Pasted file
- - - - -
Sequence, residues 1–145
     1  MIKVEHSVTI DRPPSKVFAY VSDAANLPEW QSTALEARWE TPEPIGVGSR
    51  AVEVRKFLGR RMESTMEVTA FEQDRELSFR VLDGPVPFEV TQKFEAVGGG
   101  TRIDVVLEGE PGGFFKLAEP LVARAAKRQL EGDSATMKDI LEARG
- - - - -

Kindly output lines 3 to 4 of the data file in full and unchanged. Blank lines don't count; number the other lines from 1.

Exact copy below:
    51  AVEVRKFLGR RMESTMEVTA FEQDRELSFR VLDGPVPFEV TQKFEAVGGG
   101  TRIDVVLEGE PGGFFKLAEP LVARAAKRQL EGDSATMKDI LEARG